In Charles Dickens's Great Expectations, no one is who they seem to be. Identities that appear self-explanatory, fixed, and even predetermined change frequently and reveal hidden layers and obfuscated past incarnations. Dickens toys with this kind of reverse history-making, through which characters learn more about their pasts as they move forward on the temporal slope of the novel and because of which they are able to form (at least temporary) present self-concepts. Yet these identities do not remain constant and are clearly susceptible to change. Names in particular become whimsical signs that seem to shift, mask-like, in front of their signifying bodies, disclosing to the characters (and reader) new and unexpected personas. In this regard, the relationship between name and identity is one each character grapples with, albeit some more than others, on their path to self-awareness.
In the case of Abel Magwitch, this path is rocky yet ultimately becomes redemptive. In the passage below, Magwitch recounts his life story to Pip and Herbert and focuses in particular on the evolution of his self-awareness, beginning with his early days as a young criminal. He places great emphasis on what he claims to be his innate knowledge of his name, and he seems to link his sense of a natural, determined name to an essential, determined identity. Yet we see in the rest of the novel, his name undergoes numerous incarnations, from “Magwitch" to “Provis" to “Mr. Campbell," and moreover he himself changes from hardened criminal to repentant sinner by the end of his life. In short, Magwitch's idea of a fixed name and identity is challenged by the personas he continually adopts or constructs.
"Dear boy and Pip's comrade. I am not a going fur to tell you my life, like a song or a story-book. But to give it to you short and handy, I'll put it at once into a mouthful of English. In jail and out of jail, in jail and out of jail, in jail and out of jail. There, you've got it. That's my life pretty much, down to such times as I got shipped off, arter Pip stood my friend.
"I've been done everything to, pretty well — except hanged. I've been locked up, as much as a silver tea-kettle. I've been carted here and carted there, and put out of this town and put out of that town, and stuck in the stocks, and whipped and worried and drove. I've no more notion where I was born than you have — if so much. I first become aware of myself, down in Essex, a thieving turnips for my living. Summun had run away from me — a man — a tinker — and he'd took the fire with him, and left me wery cold.
"I know'd my name to be Magwitch, chris'end Abel. How did I know it? Much as I know'd the birds' names in the hedges to be chaffinch, sparrer, thrush. I might have thought it was all lies together, only as the birds' names come out true, I supposed mine did.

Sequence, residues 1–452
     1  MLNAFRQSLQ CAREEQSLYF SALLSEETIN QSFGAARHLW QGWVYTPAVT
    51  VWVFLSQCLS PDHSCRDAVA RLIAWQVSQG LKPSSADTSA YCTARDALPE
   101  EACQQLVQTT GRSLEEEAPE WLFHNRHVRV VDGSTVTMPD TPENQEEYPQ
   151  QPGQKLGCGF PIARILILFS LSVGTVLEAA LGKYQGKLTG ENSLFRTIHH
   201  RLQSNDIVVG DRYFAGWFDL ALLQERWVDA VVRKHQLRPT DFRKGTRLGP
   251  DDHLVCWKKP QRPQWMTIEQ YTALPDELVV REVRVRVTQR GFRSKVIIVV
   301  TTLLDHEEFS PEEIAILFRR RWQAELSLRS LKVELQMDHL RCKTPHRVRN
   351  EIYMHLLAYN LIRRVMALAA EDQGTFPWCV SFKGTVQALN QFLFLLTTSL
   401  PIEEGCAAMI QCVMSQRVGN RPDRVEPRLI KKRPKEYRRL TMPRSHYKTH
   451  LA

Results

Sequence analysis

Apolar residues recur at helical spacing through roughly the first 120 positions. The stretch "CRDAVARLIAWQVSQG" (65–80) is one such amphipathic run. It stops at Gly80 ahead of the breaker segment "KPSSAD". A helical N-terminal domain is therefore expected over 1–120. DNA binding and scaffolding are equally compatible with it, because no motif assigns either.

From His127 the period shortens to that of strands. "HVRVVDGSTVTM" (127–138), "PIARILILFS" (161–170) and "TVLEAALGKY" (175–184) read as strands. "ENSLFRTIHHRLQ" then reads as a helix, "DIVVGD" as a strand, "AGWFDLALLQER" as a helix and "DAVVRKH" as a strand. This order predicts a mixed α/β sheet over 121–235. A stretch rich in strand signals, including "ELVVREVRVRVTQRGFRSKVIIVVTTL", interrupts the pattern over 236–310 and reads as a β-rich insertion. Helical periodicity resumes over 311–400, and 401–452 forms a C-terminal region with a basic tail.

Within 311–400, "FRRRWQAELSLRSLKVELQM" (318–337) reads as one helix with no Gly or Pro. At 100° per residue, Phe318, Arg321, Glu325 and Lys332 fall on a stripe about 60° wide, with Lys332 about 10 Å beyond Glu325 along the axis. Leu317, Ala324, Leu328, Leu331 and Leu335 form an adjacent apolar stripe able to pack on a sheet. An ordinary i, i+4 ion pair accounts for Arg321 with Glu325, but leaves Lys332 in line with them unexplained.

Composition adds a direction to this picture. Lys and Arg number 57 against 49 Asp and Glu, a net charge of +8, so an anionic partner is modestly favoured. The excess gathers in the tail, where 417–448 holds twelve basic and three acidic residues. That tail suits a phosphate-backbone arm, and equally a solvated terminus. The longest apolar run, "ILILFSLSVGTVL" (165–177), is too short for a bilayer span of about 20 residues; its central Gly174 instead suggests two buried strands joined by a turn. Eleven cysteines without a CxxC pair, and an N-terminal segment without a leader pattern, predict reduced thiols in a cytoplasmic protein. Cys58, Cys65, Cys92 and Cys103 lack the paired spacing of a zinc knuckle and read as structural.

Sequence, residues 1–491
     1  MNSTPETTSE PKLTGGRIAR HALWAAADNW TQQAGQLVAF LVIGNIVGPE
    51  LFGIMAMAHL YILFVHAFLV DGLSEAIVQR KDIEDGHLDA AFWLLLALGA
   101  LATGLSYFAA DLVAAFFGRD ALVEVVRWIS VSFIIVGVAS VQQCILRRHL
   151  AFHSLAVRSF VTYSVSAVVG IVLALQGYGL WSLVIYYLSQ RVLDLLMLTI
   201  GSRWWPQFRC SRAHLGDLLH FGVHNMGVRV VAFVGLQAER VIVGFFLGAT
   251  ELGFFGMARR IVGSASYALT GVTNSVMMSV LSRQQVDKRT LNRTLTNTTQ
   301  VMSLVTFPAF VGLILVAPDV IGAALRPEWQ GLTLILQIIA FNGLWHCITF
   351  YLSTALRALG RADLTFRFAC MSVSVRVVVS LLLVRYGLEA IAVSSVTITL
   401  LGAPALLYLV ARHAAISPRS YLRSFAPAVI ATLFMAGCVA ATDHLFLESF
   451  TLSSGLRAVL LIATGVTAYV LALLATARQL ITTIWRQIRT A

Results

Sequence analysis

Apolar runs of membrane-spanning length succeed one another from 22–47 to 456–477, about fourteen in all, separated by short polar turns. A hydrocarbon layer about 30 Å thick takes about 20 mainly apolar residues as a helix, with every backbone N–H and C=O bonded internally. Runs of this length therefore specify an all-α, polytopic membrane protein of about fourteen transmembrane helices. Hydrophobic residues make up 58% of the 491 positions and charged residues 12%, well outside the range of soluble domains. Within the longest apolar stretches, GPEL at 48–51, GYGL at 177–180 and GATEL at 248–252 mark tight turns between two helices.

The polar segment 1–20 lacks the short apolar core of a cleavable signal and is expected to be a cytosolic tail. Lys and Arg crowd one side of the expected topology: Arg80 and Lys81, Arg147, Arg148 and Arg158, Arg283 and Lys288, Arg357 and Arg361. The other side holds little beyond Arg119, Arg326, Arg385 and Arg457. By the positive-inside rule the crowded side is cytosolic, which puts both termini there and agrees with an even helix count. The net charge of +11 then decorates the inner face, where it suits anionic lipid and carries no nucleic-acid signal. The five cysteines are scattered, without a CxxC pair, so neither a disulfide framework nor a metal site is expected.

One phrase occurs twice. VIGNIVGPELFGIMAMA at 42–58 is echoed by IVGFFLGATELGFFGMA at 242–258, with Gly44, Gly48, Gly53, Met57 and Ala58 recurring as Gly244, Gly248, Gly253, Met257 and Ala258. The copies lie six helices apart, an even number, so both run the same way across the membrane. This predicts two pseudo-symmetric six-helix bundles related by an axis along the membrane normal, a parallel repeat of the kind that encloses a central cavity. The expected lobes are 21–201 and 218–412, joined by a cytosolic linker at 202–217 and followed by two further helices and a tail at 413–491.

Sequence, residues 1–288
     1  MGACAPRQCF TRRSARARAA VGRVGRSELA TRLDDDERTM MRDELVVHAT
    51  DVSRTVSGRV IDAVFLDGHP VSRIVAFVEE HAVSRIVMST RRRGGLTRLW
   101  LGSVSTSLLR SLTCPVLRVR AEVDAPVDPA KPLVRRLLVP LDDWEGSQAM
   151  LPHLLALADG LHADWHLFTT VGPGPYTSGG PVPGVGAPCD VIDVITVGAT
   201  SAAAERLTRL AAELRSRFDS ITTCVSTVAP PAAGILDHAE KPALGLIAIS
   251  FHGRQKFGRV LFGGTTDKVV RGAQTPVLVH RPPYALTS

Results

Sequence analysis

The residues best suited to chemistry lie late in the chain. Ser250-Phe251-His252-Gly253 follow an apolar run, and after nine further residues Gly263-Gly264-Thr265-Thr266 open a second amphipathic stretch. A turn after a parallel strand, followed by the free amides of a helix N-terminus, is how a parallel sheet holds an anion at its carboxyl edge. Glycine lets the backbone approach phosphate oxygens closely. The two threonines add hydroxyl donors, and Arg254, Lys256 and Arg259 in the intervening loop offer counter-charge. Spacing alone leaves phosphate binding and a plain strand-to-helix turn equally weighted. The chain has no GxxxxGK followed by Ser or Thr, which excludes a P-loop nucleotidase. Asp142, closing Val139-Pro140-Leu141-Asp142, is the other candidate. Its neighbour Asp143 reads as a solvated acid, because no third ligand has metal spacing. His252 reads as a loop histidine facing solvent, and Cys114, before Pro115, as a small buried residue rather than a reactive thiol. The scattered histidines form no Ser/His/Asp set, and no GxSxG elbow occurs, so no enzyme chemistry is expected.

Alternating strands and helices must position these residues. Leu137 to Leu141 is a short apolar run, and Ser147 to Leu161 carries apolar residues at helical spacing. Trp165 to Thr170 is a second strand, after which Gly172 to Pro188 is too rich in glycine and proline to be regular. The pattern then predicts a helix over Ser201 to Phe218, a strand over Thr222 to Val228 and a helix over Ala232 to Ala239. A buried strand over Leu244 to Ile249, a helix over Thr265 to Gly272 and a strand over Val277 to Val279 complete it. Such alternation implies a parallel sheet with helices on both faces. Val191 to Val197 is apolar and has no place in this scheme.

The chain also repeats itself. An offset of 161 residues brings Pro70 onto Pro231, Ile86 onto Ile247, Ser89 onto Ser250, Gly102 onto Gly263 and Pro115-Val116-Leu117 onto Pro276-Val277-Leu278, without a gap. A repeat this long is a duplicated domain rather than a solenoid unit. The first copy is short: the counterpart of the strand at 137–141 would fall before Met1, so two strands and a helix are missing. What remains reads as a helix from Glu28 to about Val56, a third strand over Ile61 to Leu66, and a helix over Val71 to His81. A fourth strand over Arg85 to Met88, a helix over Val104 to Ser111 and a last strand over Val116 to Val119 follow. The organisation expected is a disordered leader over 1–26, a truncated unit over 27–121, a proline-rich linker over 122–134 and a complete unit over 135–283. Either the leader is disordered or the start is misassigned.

"So fur as I could find, there warn't a soul that see young Abel Magwitch, with as little on him as in him, but wot caught fright at him, and either drove him off, or took him up. I was took up, took up, took up, to that extent that I reg'larly grow'd up took up.
"This is the way it was, that when I was a ragged little creetur as much to be pitied as ever I see (not that I looked in the glass, for there warn't many insides of furnished houses known to me), I got the name of being hardened." [258-259 in the Norton; place within the complete text of the novel]
How does Magwitch account for his fallen state? To what events, people, or forces does he attribute his prison-bound life? In describing his fate, does he feel at all responsible for his criminality or does he relinquish all personal accountability by representing himself as a victim of cruel fate? How might Dickens position Magwitch's story against that of Estella's or Pip's? Are they all just victims of circumstance (see page 338 in Chapter 56 where Magwitch “pondered over the question whether he might have been a better man under better circumstances")?
What does Magwitch mean when he says, “I first become aware of myself"? Why does he feel it important to explain his self-awareness to Pip and Herbert? Given that self-awareness can be achieved through the recognition of oneself in a mirror, why is it significant that Magwitch did not ever look in a mirror as a young child yet insists he knew he “was a ragged little creetur"?
Why does Magwitch go to such lengths to explain his innate knowledge of his own name (i.e. when he explains that since the birds' names are all true, his name must also be true)? What link is he creating between his name and his identity? Why might Magwitch's emphasis on his name be important to him, considering the various disguises and aliases he adopts in the ensuing chapters of the novel?
Does Magwitch's account of his childhood affect Pip's perception of him at the end of the novel? Does Pip's understanding of identity (in general and in terms of his own self-image) change because of Magwitch's transformation from a hardened criminal to repentant sinner?
Dickens, Charles. Great Expectations. Ed. Edgar Rosenberg. New York: W.W. Norton, 1999.
Last modified 25 February 2004